WASHINGTON — The Supreme Court on Thursday upheld the limited use of affirmative action by colleges and universities that seek to enroll more minority students.
The justices, by a 4-3 vote, ruled against a white student who was turned down by the University of Texas and claimed she was a victim of discrimination because race was a factor in the admissions process.
“The court’s affirmance of the university’s admissions policy today does not necessarily mean the university may rely on that same policy without refinement,” the majority opinion read. “It is the university’s ongoing obligation to engage in constant deliberation and continued reflection regarding its admission policies.”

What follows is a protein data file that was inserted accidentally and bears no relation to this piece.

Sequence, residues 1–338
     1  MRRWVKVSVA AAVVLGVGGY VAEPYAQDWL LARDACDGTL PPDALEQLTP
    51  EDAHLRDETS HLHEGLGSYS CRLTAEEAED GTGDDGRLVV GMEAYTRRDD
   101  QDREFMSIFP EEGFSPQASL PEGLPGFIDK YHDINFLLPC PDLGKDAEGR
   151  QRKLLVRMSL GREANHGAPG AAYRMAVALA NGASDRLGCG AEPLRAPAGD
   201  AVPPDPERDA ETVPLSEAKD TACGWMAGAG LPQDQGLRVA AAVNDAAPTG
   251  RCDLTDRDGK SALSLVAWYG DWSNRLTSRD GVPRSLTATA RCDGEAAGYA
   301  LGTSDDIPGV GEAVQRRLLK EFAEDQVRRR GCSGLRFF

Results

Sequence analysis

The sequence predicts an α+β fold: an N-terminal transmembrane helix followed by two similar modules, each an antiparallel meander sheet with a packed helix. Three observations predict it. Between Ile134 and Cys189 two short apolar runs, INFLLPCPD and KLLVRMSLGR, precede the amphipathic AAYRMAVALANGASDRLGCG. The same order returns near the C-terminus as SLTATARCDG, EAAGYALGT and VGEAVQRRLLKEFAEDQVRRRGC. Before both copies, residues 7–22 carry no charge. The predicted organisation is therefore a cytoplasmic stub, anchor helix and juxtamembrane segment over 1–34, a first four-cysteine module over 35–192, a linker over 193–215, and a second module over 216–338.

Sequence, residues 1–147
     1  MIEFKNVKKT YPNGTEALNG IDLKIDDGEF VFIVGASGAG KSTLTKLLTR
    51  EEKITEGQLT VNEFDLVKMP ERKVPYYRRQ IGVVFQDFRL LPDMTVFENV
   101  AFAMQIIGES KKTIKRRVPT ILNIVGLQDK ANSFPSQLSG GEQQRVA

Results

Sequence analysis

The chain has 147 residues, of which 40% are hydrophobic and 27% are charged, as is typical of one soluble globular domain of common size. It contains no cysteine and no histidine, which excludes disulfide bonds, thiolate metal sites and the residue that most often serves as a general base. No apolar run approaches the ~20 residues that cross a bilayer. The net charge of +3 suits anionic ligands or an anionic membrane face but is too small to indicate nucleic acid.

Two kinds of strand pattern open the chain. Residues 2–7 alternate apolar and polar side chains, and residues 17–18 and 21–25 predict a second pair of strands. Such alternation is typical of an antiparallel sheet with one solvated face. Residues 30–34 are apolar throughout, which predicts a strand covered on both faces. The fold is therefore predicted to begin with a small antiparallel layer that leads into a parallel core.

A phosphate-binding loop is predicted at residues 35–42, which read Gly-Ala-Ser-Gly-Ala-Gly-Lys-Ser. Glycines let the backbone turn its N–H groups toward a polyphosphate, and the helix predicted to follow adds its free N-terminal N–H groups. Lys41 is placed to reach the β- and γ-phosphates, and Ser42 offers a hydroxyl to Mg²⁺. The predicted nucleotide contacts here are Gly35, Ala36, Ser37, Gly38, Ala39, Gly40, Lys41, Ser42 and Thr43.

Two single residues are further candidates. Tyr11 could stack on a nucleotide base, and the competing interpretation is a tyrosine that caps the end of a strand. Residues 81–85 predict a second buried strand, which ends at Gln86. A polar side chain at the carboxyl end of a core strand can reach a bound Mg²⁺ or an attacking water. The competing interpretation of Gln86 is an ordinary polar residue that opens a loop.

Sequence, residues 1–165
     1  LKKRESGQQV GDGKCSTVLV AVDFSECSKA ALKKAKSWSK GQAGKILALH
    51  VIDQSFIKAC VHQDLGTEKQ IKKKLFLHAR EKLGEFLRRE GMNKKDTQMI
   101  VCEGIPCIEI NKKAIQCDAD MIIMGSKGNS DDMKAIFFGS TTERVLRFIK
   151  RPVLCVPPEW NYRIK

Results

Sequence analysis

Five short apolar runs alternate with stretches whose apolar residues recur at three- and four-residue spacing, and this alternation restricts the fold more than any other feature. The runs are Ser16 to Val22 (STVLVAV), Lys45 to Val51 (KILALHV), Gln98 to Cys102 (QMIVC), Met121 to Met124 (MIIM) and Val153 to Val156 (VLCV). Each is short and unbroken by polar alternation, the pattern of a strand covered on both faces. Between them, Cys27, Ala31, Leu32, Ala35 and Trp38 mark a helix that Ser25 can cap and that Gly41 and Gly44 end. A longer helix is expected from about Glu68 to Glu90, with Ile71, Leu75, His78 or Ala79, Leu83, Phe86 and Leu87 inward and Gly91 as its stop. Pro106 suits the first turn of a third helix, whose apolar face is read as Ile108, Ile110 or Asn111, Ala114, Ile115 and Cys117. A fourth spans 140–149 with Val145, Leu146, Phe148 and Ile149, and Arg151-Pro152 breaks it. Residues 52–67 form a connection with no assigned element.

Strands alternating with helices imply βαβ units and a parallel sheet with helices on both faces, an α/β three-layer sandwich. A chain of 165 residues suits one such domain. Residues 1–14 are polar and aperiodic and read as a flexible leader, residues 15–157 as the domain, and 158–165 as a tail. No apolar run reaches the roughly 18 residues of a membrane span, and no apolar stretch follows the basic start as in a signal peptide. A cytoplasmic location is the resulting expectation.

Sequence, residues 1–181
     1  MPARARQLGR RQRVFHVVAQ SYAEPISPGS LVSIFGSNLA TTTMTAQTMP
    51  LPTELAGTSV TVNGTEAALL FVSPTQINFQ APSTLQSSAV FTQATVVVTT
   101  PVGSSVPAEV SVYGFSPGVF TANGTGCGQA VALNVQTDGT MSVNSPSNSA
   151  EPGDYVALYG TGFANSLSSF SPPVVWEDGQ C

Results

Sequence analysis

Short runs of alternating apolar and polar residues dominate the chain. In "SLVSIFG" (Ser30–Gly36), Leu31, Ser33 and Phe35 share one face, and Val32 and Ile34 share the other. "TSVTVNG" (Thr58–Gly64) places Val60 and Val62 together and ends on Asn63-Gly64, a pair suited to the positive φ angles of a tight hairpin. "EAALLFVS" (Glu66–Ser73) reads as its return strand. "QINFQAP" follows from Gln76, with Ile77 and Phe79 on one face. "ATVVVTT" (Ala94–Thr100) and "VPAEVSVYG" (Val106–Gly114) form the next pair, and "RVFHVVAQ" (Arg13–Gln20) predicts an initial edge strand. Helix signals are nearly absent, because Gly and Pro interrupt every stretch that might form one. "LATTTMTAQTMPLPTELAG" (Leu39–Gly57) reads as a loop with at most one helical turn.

Writing for the majority, Justice Anthony M. Kennedy said the universities were owed “considerable deference” in deciding on how to achieve “student body diversity.”
Abigail Fisher, a woman who was denied admission to the University of Texas at Austin in 2008, was the plaintiff in the Supreme Court case.
Fisher, a white Texan, sued the university after she was denied a spot in 2008. She later received her undergraduate degree from LSU.